Susan, lovie - I know that we export a lot of products that are made from feijoas, but I am uncertain as to whether we actually export feijoas themselves anymore. I know a couple of years ago shipments to California were canceled because of a pest issue. I am assuming then that they travel well. There are a couple of cultivars that have pretty thin skins, which does not make them likely candidates to export, but if we can export kiwifruit, which has a rather thin skin, then I don't see this being a problem. I really don't know what the situation is at present as to whether or not the pest issue has been resolved.
I have only just started reading the Haddawy translation of "The Arabian Nights". I chose this version because it was the most recently acclaimed translation of the texts, and its source is the oldest surviving manuscript. There are two volumes, making for a complete presentation. Didn't the Burton edition (1880s, right?) only have selected tales?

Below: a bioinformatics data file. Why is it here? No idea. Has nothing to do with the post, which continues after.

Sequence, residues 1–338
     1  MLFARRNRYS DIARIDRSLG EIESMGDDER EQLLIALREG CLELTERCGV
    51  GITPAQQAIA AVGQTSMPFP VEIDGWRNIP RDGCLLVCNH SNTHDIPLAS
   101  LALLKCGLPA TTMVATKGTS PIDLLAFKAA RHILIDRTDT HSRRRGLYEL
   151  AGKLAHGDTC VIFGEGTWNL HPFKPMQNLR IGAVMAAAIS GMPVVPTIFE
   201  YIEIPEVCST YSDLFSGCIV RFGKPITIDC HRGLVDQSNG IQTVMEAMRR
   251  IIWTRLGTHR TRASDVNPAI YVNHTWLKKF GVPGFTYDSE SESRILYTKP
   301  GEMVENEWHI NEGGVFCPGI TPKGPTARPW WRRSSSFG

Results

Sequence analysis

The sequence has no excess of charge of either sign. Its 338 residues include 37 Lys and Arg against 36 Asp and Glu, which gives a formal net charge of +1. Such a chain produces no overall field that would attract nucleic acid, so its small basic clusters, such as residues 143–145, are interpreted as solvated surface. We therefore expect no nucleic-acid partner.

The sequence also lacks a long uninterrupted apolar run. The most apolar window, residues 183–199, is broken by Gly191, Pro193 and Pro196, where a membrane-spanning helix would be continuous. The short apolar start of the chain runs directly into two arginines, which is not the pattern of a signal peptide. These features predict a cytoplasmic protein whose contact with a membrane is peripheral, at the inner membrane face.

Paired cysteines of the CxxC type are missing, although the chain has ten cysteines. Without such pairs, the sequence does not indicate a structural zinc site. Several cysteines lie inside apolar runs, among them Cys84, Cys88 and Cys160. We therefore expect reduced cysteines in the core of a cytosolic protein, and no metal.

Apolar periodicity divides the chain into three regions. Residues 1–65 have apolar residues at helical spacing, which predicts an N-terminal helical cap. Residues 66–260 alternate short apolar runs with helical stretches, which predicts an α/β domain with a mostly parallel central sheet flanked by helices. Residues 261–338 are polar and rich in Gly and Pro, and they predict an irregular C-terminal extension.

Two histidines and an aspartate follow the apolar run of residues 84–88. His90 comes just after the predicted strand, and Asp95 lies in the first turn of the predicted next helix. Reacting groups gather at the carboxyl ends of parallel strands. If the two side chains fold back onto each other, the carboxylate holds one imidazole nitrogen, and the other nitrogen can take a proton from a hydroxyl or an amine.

Freya, love - I did think of including the pronuciation (fee-joe-uh) in parentheses and forgot to do so. Perhaps I should slip it in. The curd is so delicious, and I had not given thought to a feijoa meringue pie, but it sounds like a good idea. I will see what free time I have this weekend to decide what to do with it.
Did you know you can eat the pretty red and white feijoa blossoms too? They're sweet, fun to toss in salads, and quite a conversation starter.
Brilynn - If you like that flavors that are typically ascribed to feijoas, then, I have to say that you have missed out. It is a fabulous fruit not only for curd, but a cinch to eat directly out of the skin with a spoon if you need a vitamin boost on the go.